This much as regards the direct testimony. The indirect evidence is abundant and this is only natural as God chooses deliberately to conceal His identity in this case. This indirect testimony also appeals far more strongly even than direct evidence, to people in this speculative Age. Sri Krishna-Chaitanya taught the religion of un-conventional love for Sri Krishna which forms the central subject of the Srimad Bhagabata. According to the Bhagabata there does not exist any higher religion than the love which characterized the milk-maids of Braja. No Avatar of the Supreme Lord, is capable of conferring this love of Braja. Even Sri Krishna Himself in His lila of the dvapara Age did not bestow it on the undeserving. The unconventional love for Sri Krishna of the milk-maids of Braja would have remained for ever un-attainable to the fallen jivas but for the causeless mercy of Sri Krishna-Chaitanya which made Him bestow it on those who did not deserve it. In other words the supreme excellence of the dvapar lila of Sri Krishna would have been of no benefit to the sinful world but for the teaching of Sri Chaitanya which thus forms the necessary supplement of the other. Sri Krishna Chaitanya is, therefore, none other than the Supreme Lord Himself concealed in the guise of His devotee appearing in the Kali Age to promulgate the samkirtana of the holy Name which is identical with the un-conventional love of Braja. He is not the Avatar of Sri Krishna. He is Sri Krishna Himself. Because no Avatar of Krishna can confer the unconventional love for Himself,—it being the highest, the fullest service which is necessarily the exclusive due of the Godhead Himself, the Source of all Avatars. Such love cannot be inspired by any except Sri Krishna Himself. Sri Krishna did not, however, exhibit this activity in His dvapara lila as He chose to appear on that occasion in the undisguised form of the Godhead Himself, the Object of the highest devotion of all jivas. There is no limit to the power of God. But He has given perfect freedom of choice to the jivas and accepts only their voluntary service. The fallen jivas owe their plight to their natural disinclination to serve the Supreme Lord. The terrible consequence of this abuse of their freedom of choice was that they failed to recognise the Supreme Lord when He actually appeared in their midst in this sinful world in His own eternal form and without disguise. The direct method of the dvarapa lila thus failed to reclaim the sinners. Sri Krishna then laid aside His form as the Godhead and assumed the guise of the servant of God. Devotion to Himself was not valued by sinful jivas because they had lost all memory of it through sensuous existence of countless ages. God chose to appear in their midst as the Teacher of the eternal religion that had been forgot and for this purpose assumed the exterior of the greatest of all His devotees viz. Sri Radhika, the premier milk-maid of Braja. No one can be a teacher of religion, say the Shastras, who does not practice the same himself. God is the supreme Teacher of religion. His eternal form as Teacher of the religion is that of the ideal devotee viz. Sri Krishna-Chaitanya. God as Teacher is the most devoted of His servants, appearing as worshipper by concealing His identity as the Object of worship. The ideal devotee is respected by sinful jivas on account of his humility. He does not claim their service for himself and this pleases their vanity and disarms their hostility. By this clever ruse God makes sinful jivas unconsciously forget their aversion to Himself (disguised as devotee). He demonstrates to them by His own example which melts the stoniest of hearts, that in the case of the jivas the privilege of rendering service to God is infinitely higher than the privilege of receiving any service and that the service of God is superior to the unreal lordship coveted by sinners over material nature. The jiva soul is an infinitesimally small fraction of the spiritual power of God. It has no affinity with God’s material power. The jiva soul is superior to matter because the spiritual power of God is superior to His material power which stands to the former in the relation of shadow to substance. This is quite opposite to what their relation seems to be to our perverted understanding. If the jiva soul wants to rule over the spiritual power of God to which it is subordinate by constitution it falls into the clutches of the illusory, i.e. material, power of God and becomes subject to all the miseries of a false existence. The jiva can never be God. But God is simultaneously great and small. In Sri Krishna-Chaitanya the small face of the Divinity which the jivas can recognise is exposed to them. God in this manner shows to the jiva the jiva’s own ideal form which is also eternally part and parcel of Himself. The jiva can be great not by the assertion of his native littleness but by agreeing to serve the Great. This is the teaching by precept and example of Sri Krishna-Chaitanya.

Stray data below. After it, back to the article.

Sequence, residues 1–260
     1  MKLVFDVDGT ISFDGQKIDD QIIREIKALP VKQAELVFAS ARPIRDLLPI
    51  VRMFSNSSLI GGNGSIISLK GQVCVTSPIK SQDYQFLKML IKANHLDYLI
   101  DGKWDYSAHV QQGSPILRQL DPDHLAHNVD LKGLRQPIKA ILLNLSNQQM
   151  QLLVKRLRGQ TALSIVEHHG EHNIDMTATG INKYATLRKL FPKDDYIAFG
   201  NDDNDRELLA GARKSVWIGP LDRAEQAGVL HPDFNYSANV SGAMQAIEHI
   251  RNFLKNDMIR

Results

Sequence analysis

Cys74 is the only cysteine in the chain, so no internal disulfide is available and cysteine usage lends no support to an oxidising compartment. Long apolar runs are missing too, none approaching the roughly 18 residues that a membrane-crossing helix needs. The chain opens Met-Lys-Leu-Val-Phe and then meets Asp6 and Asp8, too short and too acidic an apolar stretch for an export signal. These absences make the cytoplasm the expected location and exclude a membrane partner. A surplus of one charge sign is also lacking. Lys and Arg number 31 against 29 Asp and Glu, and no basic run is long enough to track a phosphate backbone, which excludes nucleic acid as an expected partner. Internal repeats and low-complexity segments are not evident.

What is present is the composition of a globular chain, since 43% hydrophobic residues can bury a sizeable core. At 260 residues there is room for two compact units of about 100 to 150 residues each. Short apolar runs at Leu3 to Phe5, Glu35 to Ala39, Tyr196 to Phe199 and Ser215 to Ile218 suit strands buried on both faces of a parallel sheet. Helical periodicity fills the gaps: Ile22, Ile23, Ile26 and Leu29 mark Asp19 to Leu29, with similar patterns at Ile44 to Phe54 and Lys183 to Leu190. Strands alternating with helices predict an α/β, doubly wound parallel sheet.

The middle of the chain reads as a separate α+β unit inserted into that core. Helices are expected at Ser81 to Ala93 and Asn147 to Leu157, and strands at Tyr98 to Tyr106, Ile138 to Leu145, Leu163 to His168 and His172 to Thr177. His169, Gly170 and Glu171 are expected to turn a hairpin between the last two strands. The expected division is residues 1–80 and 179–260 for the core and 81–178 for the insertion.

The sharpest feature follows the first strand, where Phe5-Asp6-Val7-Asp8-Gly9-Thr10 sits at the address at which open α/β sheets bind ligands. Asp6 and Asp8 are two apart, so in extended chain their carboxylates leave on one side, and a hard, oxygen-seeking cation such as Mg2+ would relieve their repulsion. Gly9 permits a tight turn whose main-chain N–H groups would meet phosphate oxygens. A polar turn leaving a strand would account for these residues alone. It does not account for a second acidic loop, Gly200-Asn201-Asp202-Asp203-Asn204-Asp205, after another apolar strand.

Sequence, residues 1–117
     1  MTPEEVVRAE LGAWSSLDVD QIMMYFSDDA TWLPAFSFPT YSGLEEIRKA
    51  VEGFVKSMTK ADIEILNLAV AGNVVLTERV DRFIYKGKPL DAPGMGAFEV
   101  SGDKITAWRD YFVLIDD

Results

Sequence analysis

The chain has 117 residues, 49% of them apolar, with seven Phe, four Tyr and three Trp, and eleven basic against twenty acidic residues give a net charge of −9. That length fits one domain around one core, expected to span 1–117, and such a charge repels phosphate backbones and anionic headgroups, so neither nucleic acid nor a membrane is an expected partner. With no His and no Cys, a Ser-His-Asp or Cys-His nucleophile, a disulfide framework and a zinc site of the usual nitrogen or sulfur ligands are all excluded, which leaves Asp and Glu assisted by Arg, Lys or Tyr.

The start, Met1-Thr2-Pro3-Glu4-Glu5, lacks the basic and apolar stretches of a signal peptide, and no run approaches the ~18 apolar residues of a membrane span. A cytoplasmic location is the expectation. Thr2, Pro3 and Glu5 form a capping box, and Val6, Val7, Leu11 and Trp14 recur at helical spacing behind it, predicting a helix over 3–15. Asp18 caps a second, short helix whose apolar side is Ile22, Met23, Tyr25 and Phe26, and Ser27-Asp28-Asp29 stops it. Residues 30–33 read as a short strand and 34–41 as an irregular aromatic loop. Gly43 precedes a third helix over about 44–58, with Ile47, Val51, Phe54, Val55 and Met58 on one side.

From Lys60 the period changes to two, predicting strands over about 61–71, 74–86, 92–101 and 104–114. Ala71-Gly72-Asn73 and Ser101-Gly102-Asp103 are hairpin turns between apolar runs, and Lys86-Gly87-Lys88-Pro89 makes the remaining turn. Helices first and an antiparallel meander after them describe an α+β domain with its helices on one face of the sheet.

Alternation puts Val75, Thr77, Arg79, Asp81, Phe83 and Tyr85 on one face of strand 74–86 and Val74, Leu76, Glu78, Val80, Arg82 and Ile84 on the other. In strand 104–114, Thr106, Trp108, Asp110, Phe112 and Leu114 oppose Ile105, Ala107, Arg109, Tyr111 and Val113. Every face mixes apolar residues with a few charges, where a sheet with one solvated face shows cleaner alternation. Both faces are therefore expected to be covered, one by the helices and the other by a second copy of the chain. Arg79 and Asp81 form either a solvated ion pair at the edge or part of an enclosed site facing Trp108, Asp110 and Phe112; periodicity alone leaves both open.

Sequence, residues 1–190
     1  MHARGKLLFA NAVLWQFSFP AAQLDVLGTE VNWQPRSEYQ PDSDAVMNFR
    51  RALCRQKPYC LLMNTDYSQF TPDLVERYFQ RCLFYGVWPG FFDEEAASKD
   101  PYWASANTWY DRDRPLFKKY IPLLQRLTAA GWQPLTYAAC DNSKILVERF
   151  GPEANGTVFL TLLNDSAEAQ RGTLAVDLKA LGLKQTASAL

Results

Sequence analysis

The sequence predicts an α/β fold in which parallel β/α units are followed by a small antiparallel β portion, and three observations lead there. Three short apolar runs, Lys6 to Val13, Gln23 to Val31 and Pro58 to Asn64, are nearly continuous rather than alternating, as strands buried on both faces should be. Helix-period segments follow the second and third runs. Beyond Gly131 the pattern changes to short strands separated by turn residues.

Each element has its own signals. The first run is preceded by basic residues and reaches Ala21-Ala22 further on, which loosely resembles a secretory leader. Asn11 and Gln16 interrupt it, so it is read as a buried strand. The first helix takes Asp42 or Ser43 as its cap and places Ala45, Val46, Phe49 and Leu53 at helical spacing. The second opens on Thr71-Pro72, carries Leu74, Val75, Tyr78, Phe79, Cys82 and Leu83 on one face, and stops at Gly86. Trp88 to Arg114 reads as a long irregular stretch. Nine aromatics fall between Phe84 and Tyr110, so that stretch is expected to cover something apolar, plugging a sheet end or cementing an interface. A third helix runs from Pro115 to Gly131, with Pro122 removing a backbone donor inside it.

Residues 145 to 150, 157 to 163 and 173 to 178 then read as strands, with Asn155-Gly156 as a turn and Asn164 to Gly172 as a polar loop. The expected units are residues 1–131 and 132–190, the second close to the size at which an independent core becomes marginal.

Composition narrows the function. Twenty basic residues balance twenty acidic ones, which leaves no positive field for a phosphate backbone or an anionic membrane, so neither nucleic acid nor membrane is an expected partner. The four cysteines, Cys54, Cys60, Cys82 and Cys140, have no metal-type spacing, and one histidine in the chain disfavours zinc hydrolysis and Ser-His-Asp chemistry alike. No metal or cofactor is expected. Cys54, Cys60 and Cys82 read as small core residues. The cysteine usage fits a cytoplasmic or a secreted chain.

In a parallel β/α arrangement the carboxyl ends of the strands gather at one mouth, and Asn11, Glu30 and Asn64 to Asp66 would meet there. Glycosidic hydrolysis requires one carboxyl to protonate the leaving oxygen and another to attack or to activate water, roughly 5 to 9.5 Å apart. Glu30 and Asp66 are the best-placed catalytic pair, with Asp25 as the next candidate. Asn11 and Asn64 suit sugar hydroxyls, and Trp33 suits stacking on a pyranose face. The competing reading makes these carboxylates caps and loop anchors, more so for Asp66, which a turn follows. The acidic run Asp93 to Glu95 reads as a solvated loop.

God as Teacher of religion is Sri Krishna-Chaitanya. As Sri Krishna-Chaitanya He is the eternal world-Teacher Whose words are to be listened to and obeyed. Sri Krishna-Chaitanya followed His own teaching in order to teach us how to follow Him. By following Sri Krishna-Chaitanya we would attain to the loving service of the milk-maids of Braja, and not by imitating the transcendental gopis. This is the highest form of service. The worship of Sri Krishna by the milk-maids of Braja cannot be realised in the sinful state. It can be realised only after all sin has left us. There is no way of attaining to this perfectly pure state except by following the teachings of Sri Chaitanya as exemplified by the practice of Himself and His associates and specially the latter. This is the purpose of Sri Krishna’s appearance as Sri Krishna-Chaitanya in the Kali Age.

No Avatar prophet has bestowed on sinful creatures the free loving service of the Godhead. The highest they did was to teach sinful jivas the service of God that is characterized by distant reverence, the only form of service which is least likely to be grossly misunderstood in the sinful state. But mere reverence is not acceptable to Sri Krishna Who always dwells in the transcendental realm of Braja full of eternal bliss where reverence itself is subordinated to love. This loving service of Braja is the gift of Sri Krishna-Chaitanya to all the sinful jivas of this world and He guarantees it to all who sincerely follow His teaching. These considerations explaining as they do the significance of the appearance of God in this world, as testified by the shastras, supply the indirect evidence of the Divinity of Sri Krishna-Chaitanya.